Archive for March, 2009

WD Editors Intensive Revisited

March 31, 2009

Here’s a link nice blog post about our recent editors intensive event. This writer was one that I had a chance to meet with, his story was a very eerie psychedelic science fiction piece that had some great potential.

It’s great to hear some nice feedback about the event. I think all of the writers I talked to seemed to find it very valuable. Stay tuned for news about our next one, which is planned for June:

Monster Spotter! In 5 Lines!

March 31, 2009

z0676Check out this mention for my book Monster Spotter’s Guide to North America. This guy does these funny video clips where he summarizes a book in five lines. I think he sums it up pretty well. The premise and the humor are all represented. His site is

Check out the video here .

I Survived

March 30, 2009

Well, I made it through my fasting and meditation. I really had hoped to write more during that time (and post a couple of times), but I wasn’t feeling awfully creative.

But, now that it’s over I’m feeling good and refreshed. I’m looking forward to some of the projects that are on my desk I’m currently reading Becky Levine’s forthcoming book The Writing and Critique Group Survival Guide (which will be a must-have for anyone looking to join or start a writing critique group). I’m also getting ready to start working on the Writer’s Digest Guide to Science Fiction & Fantasy by Orson Scott Card and the editors of Writer’s Digest, which is right up my alley.

As far as my martial arts training goes, I’m ready to dive back into that as well, and I’ll probably be posting a few updates as my upcoming test approaches, for anyone who is interested.

See Scott Starve

March 26, 2009

So I just passed the 1-day mark of my fast (part of my martial arts training). And yes, I’m starving. I’ve done this before and if I remember correctly the first day was the worst… that’s what I’m telling myself, anyway.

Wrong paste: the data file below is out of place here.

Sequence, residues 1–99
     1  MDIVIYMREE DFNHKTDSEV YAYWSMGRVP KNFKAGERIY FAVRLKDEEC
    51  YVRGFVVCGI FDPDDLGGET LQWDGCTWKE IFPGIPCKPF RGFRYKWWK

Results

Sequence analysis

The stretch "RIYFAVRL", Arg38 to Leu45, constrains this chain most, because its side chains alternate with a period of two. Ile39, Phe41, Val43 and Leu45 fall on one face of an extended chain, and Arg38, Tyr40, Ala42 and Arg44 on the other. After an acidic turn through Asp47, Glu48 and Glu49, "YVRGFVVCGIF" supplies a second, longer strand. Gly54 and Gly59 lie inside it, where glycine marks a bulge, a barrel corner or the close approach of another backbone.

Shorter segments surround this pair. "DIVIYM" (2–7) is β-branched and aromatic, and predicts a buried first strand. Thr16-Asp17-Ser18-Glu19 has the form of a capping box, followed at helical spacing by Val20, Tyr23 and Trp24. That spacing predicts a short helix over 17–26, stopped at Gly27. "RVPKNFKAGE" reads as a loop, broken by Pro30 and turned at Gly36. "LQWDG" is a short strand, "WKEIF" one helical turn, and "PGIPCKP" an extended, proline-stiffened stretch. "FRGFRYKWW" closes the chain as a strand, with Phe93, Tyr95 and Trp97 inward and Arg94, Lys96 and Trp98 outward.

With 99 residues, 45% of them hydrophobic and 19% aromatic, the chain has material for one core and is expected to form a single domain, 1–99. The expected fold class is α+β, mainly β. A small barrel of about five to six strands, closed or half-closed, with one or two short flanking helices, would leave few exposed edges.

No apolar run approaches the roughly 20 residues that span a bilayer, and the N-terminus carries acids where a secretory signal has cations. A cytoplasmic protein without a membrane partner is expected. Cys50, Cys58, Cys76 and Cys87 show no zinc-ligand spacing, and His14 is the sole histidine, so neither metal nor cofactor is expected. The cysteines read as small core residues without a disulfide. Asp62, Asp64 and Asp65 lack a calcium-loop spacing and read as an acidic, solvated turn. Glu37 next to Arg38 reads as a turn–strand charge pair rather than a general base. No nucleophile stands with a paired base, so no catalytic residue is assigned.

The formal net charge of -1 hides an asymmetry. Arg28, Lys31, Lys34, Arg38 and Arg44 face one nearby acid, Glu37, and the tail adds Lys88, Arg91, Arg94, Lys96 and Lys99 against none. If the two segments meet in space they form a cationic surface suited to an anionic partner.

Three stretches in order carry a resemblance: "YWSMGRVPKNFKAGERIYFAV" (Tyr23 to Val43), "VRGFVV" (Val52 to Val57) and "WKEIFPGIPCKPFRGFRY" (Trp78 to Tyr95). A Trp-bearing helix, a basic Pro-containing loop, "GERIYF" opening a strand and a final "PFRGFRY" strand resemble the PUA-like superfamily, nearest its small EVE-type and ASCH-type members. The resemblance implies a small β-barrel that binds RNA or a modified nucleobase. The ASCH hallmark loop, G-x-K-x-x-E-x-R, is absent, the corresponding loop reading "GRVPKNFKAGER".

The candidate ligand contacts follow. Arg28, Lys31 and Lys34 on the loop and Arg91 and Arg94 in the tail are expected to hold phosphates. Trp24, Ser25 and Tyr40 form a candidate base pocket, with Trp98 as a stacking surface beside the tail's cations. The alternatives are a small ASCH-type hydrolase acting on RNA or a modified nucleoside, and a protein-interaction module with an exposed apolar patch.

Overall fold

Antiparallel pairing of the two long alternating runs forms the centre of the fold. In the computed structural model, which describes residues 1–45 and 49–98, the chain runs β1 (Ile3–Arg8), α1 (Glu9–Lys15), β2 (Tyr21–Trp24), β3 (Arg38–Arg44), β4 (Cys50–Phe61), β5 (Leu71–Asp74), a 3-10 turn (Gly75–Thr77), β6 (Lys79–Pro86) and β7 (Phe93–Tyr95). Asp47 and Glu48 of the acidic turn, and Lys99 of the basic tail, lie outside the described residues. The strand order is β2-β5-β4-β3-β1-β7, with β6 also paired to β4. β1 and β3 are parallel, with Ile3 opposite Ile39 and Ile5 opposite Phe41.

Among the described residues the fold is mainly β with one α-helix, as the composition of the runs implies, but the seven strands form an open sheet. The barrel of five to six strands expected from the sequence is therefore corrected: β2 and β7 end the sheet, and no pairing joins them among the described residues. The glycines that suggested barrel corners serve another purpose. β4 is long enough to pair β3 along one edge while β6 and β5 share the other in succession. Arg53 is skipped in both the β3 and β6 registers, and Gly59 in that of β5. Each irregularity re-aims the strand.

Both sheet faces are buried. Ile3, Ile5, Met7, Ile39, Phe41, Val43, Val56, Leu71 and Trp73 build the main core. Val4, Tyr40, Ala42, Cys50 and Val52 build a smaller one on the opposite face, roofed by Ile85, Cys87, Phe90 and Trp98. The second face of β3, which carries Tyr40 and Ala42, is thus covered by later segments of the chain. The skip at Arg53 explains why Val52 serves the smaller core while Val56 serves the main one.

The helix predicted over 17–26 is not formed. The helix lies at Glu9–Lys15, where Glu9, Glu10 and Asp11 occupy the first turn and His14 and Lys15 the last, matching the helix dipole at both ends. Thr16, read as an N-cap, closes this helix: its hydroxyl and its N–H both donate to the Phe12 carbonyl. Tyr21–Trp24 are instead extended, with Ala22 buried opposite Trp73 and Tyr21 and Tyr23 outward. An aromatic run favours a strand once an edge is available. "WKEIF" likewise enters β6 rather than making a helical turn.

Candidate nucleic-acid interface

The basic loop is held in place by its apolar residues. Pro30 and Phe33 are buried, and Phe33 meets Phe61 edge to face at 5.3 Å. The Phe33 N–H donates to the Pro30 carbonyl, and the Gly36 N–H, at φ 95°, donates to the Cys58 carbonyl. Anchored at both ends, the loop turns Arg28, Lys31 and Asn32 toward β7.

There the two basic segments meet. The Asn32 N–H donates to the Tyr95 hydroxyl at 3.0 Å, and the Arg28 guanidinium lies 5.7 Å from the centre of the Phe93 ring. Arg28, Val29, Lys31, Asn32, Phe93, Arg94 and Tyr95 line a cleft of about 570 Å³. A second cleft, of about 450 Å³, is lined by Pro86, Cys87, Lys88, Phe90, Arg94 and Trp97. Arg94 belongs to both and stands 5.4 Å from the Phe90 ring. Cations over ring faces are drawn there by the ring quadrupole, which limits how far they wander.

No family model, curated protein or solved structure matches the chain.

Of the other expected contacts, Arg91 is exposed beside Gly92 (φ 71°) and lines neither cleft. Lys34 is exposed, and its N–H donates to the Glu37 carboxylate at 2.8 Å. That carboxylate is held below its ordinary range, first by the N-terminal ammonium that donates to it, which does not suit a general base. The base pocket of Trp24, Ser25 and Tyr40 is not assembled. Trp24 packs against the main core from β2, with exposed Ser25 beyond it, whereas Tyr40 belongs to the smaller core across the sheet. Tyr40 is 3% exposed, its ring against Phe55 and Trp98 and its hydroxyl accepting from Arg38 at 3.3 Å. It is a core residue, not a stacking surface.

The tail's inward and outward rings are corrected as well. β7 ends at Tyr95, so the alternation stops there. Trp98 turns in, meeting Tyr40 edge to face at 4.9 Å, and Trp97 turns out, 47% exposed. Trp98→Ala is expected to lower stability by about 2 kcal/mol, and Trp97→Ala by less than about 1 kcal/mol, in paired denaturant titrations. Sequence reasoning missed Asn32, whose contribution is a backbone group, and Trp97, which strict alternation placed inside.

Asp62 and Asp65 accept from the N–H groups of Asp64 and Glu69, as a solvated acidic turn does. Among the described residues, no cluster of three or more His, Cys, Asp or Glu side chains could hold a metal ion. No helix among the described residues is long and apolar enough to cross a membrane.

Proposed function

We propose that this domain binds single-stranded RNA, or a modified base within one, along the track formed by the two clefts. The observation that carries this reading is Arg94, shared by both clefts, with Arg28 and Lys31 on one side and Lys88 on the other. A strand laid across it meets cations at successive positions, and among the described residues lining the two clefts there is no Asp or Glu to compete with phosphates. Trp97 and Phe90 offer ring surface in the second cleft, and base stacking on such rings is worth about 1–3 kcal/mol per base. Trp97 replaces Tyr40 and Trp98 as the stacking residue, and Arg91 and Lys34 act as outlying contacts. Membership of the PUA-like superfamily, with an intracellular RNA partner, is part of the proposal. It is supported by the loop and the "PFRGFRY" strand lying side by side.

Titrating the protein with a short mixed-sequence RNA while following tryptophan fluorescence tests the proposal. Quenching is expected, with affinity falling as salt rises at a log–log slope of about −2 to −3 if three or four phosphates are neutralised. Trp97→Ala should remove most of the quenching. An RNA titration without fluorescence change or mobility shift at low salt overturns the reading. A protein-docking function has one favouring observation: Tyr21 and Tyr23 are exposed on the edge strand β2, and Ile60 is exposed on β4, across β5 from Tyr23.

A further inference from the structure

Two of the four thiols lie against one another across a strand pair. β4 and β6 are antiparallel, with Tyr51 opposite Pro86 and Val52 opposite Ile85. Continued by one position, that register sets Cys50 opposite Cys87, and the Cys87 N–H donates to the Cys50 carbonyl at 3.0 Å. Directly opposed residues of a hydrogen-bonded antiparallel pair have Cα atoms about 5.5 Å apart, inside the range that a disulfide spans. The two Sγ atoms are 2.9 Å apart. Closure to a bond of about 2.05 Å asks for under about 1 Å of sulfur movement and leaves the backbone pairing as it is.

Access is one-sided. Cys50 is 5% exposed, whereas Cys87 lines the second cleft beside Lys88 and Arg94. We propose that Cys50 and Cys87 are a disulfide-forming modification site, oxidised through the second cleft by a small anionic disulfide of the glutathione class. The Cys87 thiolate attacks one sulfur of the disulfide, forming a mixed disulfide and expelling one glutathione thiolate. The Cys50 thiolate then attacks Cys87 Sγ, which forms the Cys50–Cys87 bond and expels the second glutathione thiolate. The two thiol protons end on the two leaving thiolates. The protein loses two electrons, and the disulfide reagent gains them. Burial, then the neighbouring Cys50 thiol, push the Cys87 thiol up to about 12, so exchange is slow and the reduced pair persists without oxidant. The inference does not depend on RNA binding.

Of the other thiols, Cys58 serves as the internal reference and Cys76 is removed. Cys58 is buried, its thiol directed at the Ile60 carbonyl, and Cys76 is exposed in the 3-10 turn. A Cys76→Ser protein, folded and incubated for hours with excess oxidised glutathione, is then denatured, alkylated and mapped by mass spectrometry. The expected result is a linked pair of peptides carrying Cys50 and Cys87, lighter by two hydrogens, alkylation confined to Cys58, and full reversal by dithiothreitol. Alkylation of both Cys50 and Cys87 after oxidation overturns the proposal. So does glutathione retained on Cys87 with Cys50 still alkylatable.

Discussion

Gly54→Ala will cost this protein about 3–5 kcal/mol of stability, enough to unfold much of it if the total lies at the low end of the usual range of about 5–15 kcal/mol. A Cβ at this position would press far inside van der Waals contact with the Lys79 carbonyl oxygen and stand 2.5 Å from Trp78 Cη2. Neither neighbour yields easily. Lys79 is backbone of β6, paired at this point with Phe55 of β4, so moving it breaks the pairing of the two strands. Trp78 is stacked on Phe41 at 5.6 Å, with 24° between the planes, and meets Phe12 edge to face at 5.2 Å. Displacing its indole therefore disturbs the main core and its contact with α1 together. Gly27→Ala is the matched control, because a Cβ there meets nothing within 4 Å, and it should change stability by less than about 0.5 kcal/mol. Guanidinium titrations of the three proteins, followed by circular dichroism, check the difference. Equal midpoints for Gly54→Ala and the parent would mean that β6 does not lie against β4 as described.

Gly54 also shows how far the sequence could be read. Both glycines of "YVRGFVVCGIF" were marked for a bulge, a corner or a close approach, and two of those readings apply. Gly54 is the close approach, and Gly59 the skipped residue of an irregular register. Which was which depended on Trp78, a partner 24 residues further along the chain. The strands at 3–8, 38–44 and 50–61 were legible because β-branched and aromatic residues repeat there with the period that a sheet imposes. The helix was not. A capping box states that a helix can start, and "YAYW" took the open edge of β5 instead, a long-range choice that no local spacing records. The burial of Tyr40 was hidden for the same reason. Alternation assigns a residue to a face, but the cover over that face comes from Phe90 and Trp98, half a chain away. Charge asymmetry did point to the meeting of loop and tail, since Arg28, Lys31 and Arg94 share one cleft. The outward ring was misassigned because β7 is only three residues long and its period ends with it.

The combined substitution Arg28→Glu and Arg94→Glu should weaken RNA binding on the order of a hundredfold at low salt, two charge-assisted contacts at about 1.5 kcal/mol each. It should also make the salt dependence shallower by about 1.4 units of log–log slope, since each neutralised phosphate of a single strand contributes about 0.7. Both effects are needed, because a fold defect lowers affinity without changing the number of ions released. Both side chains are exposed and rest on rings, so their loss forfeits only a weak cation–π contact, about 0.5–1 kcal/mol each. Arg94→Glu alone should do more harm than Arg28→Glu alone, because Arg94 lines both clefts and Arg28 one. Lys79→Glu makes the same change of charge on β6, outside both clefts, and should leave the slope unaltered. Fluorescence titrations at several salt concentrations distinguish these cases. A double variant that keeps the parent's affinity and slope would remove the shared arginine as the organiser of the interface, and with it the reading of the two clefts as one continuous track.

I’ve been taking breaks in between the manuscripts I’m working on so that I can stay focused on them–intentionally working on lots of different things throughout the day so mind doesn’t have a chance to wander. In case you’re wondering here are the details of my fast: It lasts 4 days, and ends with an 8 hour long period of meditation. During the fast I’m supposed to only consume the following: copious amounts of water, decaffeinated green tea, miso soup, and as a last resort a few nuts. 

I’ve spent the day drinking green tea and water and am fantasizing about the bowl of miso soup, of all things, since it will be the most substantial thing I ingest today. 

Why do I do this? Ummm… I’ll have to get back to you on that.

A Good Cause

March 26, 2009

56311744914843customMy little sister is riding in the Tour de Cure for Diabetes. She’s a nice kid with a rad bike helmet… it would be cool of you to sponsor her.

Vision Quest

March 25, 2009

In addition to writing I study martial arts. I’m preparing for an upcoming test and part of my training involves fasting and meditation. My fast starts this evening (so I’m thinking a lot about what I’m going to eat for lunch, but that’s not what’s important… well, to you anyway).

yinyangThe fast and meditation tests will power and dedication to an idea. This kind of training is intended to build discipline, self-control, focus and persistence.

Being a successful writer is no different. It’s easy to put off writing in favor of watching television or some other diversion. But as a writer you need to dedicate time to practicing your art. Writing requires focus and discipline. Many people say “you need to do it every day, and set a routine for your writing.” That may indeed be the case, but personally, I think there are as many different kinds of writers as there are people, and the ways we prefer to work are different. Figure out what works for you and make your own rules about how to keep yourself productive, and stick to them.

Writer’s Digest Editor’s Intensive

March 23, 2009